Pride & Prejudice – Open Air Theatre, Regent’s Park

We’ve all seen it, although it’s almost 20 years old, the BBC Pride and Prejudice from 1995 has become the definitive interpretation. So, the new version at the Regent’s Park Open Air Theatre comes with a lot of preconceptions – the best way to deal with that baggage would be to try something fresh and exciting, going back to the original text and seeing how else it could be construed. Unfortunately this production is largely a live and amateur version of the TV show, to the point that Darcy and Bingley even sound like Colin Firth and Crispin Bonham Carter. Whilst the performances are very competent there was nothing particularly ground-breaking or insightful – I even found myself ticking mental plot boxes as we went along (Netherfield ball – tick; Rosing’s Park – tick; Pemberly – tick).Not all of this can be blamed on the sounds of Bon Jovi in Hyde Park continually yanking us back to the 21st Century.

There was not much engagement between the leads with many of the subtleties and comedy elements of the book lost. It’s not a short evening by any means (three hours with one interval) but it still felt rushed and incomplete. Perhaps that’s again the BBC version colouring my view, which at more than 2 hours longer had time to explore in detail.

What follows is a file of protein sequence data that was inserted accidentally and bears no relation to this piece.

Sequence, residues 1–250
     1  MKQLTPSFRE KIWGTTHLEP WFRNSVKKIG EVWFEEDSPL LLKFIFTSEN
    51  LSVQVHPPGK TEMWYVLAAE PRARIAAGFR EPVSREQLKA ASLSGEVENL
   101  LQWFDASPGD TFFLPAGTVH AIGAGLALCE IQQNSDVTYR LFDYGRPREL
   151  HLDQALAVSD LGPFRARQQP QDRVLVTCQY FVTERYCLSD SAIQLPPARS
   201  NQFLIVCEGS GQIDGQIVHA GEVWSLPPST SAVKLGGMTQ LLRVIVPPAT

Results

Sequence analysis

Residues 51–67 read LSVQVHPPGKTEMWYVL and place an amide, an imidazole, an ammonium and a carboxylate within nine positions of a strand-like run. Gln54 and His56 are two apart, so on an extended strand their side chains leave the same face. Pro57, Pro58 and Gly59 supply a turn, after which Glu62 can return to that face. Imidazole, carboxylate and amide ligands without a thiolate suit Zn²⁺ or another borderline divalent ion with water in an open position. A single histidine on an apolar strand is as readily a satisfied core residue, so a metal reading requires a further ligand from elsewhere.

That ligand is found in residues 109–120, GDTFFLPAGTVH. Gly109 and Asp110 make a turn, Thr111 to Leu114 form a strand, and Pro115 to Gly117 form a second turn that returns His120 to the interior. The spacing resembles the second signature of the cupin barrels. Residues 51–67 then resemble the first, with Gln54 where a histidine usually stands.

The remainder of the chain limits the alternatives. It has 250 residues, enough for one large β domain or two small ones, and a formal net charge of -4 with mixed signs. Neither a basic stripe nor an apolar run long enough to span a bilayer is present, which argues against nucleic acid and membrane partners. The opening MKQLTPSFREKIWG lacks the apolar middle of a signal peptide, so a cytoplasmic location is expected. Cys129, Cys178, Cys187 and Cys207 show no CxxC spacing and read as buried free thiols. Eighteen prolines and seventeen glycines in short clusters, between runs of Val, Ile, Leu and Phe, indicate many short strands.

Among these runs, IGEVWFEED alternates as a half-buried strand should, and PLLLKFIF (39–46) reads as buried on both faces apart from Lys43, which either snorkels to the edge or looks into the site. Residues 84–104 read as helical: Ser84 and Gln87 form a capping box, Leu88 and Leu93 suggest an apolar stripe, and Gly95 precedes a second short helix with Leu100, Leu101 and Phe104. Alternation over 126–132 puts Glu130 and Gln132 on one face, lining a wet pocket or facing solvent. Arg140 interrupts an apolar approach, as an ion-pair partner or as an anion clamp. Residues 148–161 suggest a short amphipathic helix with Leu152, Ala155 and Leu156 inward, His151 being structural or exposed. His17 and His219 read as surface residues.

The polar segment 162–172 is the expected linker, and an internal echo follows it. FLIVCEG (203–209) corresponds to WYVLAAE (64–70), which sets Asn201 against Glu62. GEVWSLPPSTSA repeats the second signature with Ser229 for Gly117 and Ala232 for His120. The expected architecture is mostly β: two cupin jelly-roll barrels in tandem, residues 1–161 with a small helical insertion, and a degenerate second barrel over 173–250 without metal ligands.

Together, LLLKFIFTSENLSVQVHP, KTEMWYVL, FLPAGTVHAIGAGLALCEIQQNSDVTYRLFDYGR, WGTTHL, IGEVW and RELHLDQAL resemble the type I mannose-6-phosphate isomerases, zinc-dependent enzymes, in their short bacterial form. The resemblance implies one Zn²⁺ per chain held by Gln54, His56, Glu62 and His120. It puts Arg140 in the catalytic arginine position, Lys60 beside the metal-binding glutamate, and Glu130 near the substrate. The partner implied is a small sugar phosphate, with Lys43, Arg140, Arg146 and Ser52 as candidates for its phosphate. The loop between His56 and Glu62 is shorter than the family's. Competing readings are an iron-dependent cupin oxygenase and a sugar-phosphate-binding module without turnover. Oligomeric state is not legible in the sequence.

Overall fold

It’s not all bad – Mr Collins, Mr Bennett, Mary and Lydia are all played differently and are pretty funny. The rotating set with iron work frame (used for doorways and portraits) was very cleverly incorporated, and it couldn’t have been a lovelier setting, but something is lacking here – it’s not a bad play or even badly performed, just unremarkable.


About Maryam Philpott

This blog takes a more discursive and in-depth approach to reviewing a range of cultural activities in London, primarily covering theatre, but also exhibitions and film events. Since 2014, I have written for The Reviews Hub as part of the London theatre critic team, professionally reviewing over 400 shows. The Reviews Hub was established in 2007 to review all forms of professional theatre nationwide including Fringe and West End. My background is in social and cultural history and I published a book entitled Air and Sea Power in World War One which examines the experience of the Royal Flying Corps and the Royal Navy. View all posts by Maryam Philpott

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